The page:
This is our current energy system: efficient at best at 38%, generative of massive climate-forcing CO2, and creative of day to day health-hazardous acidic gaseous emissions.

Enough – we need to move on with the transition from thermal energy to its final alternative: electricity.

Global Energy Supply to be dominated by Solar and Wind: A Modest Proposal

To get out of this large literal excavated thermal hole, we need to think less about energy driven by the weight of fluids, and more about it being driven by the infinite movement of light and wind (plus an honorable mention for hydro-power).

This switches us now toward a fundamental piece of energy logic.

When solar or wind (or water) energy is converted by a technology to electricity, whether using solid-state physics to convert photons, or harness kinetic gas energy (wind) to turn a turbine blade, or water movement, that conversion occurs at 100%.

As we noted here: “Wind and solar become “energy products” at the point of generation of electricity. their “primary energy equivalent” is the electricity generated.”

This is different concept from capacity factors – ie how much the technology at hand can convert the light or wind or water.

For example, solar cells convert about 25% of light received into electricity: so if an amount of X electricity is required eg to light and heat a home, 4X of suitably-sized panels are required. Economically there is a loss: but in physics terms all that light gets converted to the requisite electricity. (This is why, as solar costs plummet, it may be cheaper to overbuild electricity requirements and reduce the need for storage).

When a solar cell converts light to electricity, that is a 1-1 activity – there is no burning discharges or thermodynamic losses to consider.

Put another way: as the “fuel” is infinite and omnipresent, the only issue is the conversion technology practicalities: the electricity created is gross and net the same. Thus wind and solar create high quality electrical energy as their primary energy, versus lower quality, disordered thermal energy.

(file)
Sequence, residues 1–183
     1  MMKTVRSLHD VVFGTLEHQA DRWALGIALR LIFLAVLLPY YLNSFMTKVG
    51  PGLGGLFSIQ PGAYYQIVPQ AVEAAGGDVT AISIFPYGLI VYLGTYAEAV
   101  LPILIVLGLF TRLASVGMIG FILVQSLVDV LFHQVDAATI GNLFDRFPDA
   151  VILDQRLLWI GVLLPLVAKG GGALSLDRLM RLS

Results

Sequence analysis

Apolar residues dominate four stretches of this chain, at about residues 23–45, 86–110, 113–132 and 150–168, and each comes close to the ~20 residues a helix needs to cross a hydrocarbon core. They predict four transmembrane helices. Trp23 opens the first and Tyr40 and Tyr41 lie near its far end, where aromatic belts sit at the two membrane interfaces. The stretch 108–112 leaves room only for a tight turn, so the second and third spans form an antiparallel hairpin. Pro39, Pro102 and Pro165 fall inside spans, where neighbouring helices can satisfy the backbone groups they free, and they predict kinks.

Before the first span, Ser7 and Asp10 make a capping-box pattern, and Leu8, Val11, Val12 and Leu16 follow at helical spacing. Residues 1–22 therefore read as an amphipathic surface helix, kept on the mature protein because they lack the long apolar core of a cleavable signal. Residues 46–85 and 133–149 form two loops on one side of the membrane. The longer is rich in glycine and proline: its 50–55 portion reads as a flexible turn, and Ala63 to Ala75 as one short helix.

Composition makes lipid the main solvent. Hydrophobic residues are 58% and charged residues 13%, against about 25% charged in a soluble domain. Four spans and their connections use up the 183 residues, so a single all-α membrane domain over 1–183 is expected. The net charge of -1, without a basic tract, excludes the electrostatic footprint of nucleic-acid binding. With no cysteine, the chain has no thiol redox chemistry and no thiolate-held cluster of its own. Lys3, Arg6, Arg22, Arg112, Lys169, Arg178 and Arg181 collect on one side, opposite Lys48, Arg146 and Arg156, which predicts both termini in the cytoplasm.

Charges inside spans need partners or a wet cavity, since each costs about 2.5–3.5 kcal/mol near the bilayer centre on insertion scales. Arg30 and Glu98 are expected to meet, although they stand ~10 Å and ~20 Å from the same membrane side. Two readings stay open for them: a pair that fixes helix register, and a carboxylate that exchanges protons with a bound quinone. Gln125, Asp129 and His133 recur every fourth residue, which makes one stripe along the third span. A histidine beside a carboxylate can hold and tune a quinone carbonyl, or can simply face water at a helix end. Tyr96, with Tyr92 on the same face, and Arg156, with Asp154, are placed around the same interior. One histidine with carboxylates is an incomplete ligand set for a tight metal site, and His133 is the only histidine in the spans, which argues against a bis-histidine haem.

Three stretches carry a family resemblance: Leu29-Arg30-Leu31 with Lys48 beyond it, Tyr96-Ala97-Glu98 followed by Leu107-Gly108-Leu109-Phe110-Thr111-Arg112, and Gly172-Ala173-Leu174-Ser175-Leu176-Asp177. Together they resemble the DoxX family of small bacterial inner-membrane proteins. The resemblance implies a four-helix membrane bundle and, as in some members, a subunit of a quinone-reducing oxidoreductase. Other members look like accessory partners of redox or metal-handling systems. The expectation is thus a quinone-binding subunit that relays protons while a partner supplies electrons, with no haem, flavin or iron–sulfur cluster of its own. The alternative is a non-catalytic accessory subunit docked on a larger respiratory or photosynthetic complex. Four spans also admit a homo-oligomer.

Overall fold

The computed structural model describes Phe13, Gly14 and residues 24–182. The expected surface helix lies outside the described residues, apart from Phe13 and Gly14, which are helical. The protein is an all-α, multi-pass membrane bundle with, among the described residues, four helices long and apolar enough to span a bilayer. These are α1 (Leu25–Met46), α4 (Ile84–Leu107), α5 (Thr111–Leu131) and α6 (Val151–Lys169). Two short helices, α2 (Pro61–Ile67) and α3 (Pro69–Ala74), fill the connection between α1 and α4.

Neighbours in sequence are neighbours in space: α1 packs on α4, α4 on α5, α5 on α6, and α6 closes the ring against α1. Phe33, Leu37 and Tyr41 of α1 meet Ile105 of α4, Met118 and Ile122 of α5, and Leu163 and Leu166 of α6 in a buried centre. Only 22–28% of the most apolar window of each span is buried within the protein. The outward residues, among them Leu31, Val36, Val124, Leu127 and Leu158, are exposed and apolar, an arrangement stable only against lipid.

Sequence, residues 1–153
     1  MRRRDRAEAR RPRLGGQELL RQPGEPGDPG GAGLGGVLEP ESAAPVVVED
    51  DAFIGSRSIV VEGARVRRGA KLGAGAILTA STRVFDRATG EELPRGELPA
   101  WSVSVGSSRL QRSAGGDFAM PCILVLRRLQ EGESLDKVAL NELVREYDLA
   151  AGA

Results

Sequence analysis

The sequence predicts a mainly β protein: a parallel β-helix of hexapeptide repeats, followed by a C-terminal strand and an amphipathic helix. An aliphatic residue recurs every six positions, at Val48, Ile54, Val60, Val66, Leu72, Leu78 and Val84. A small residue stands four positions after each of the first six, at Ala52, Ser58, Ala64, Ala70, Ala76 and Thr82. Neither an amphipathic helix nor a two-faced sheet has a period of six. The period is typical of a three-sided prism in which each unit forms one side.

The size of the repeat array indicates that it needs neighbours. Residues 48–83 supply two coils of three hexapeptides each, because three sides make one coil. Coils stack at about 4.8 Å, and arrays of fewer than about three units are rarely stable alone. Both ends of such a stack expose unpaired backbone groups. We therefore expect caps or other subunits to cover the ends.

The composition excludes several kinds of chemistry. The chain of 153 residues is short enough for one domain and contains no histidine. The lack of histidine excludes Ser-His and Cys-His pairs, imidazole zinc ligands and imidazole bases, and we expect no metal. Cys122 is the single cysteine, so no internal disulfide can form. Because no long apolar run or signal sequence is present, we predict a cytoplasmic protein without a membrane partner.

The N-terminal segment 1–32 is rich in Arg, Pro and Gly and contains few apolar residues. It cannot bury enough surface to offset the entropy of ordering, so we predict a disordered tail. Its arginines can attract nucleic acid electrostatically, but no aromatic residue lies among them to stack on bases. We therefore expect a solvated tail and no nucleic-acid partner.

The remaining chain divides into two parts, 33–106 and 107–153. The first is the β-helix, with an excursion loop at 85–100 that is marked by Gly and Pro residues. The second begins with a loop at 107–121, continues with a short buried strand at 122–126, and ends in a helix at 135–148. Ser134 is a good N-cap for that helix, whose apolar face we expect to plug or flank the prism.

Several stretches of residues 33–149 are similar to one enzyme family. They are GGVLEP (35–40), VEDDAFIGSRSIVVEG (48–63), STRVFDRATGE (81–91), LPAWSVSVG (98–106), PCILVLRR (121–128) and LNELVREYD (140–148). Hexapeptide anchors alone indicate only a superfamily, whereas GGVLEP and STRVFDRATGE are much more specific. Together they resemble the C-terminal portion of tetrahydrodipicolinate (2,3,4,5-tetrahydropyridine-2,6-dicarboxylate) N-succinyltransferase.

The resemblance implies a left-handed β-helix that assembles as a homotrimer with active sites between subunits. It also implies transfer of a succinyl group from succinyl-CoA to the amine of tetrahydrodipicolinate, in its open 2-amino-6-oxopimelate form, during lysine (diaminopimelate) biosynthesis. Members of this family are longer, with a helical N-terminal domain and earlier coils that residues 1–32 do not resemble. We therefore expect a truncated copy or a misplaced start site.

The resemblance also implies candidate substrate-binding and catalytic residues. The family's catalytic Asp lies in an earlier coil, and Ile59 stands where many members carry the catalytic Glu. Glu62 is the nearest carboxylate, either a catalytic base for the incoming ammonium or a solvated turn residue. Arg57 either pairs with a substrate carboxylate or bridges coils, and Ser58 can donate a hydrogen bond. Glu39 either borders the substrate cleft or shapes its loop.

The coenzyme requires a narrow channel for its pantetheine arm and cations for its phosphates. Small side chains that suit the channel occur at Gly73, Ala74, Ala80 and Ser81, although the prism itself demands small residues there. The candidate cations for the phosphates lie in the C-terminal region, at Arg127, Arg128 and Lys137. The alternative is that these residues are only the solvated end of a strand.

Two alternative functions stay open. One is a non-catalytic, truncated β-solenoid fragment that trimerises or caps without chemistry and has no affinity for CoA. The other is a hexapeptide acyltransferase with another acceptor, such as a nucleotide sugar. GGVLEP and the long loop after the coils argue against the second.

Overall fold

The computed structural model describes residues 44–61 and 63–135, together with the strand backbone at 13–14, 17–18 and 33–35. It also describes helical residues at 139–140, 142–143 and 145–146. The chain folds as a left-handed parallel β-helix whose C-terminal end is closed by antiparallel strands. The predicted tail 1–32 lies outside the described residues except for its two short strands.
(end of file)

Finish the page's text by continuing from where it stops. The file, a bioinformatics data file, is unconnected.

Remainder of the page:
As PV panels and wind turbines are manufactured more and more inexpensively, and globally deployed, the “levelized” cost of their energy starts to tend not just toward fossil fuel levels (already achieved), but toward zero running costs.

This means that it now makes financial sense to shutter existing thermal coal or gas plants, as well as cancelling the building of new ones, and replace them with energy derived from daylight and air.

Joules all the way down

Over 42% of all energy used today is used to make electricity, and last year electricity use grew at 3.7%pa.

At that rate electricity will be over 50% of all energy used by 2024 – so we really should start to use the unit of electrical energy – the Watt hour (Wh) – as a baseline rather than one based on declining liquid fuels.

Conversion of MTOE to Wh is simple in basic science units – because thermal and electrical energy are interchangeable.

How so?

The SI (international system) unit of energy is the Joule, named after a British Victorian engineer: it is personally named because it is a derived unit.

That means it is an aggregate of more fundamental SI units of weight, length and time – the basic unit being how much energy is takes to move a 1kg weight with acceleration across 1 metre. (Which though precise, means at the global scale, we have to juggle with lots and lots of joules).

So, for example, Gasoline energy is measured in megaJoules per kg: so when you burn lots of kg, or tonnes, of oil or gas you get back to Joules.

Similarly a Watt, another British Victorian engineer, another derived unit, is the measure of power, meaning the use of energy (Joules) per second. Multiply that by time (eg hours) and back we are to Joules.

BP has even created a table of world energy per capita in raw Exajoules. (10 to the power 15 joules)

Key message – it’s all energy, it’s all joules, all the way down)

So, with the world “consuming” 13,800 MTOE that should that should create about 165,000TWh of usable energy to meet demand.